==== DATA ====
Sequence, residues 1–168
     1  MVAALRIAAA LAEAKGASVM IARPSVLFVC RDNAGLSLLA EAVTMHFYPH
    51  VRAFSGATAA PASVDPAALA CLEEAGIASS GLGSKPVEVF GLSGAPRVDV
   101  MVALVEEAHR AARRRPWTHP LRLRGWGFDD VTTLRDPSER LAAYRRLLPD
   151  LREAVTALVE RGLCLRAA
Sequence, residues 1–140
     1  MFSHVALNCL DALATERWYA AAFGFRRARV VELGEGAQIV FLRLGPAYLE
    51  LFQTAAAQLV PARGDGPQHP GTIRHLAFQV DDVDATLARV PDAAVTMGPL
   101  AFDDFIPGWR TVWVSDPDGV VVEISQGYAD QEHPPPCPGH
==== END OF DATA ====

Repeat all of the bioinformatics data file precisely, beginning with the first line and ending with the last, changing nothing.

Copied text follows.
Sequence, residues 1–168
     1  MVAALRIAAA LAEAKGASVM IARPSVLFVC RDNAGLSLLA EAVTMHFYPH
    51  VRAFSGATAA PASVDPAALA CLEEAGIASS GLGSKPVEVF GLSGAPRVDV
   101  MVALVEEAHR AARRRPWTHP LRLRGWGFDD VTTLRDPSER LAAYRRLLPD
   151  LREAVTALVE RGLCLRAA
Sequence, residues 1–140
     1  MFSHVALNCL DALATERWYA AAFGFRRARV VELGEGAQIV FLRLGPAYLE
    51  LFQTAAAQLV PARGDGPQHP GTIRHLAFQV DDVDATLARV PDAAVTMGPL
   101  AFDDFIPGWR TVWVSDPDGV VVEISQGYAD QEHPPPCPGH